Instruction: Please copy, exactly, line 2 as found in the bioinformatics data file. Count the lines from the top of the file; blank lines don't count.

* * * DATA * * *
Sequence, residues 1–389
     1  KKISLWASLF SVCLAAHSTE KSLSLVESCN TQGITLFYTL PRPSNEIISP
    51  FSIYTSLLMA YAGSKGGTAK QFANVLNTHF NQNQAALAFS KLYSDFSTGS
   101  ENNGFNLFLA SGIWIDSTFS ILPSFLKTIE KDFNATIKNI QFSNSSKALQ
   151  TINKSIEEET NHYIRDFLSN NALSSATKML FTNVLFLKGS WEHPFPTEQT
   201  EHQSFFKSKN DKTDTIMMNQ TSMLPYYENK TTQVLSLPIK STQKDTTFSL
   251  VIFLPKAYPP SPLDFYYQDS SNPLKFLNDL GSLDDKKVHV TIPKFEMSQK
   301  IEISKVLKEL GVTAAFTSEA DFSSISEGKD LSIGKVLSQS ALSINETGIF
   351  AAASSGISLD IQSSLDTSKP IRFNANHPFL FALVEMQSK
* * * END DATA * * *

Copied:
     1  KKISLWASLF SVCLAAHSTE KSLSLVESCN TQGITLFYTL PRPSNEIISP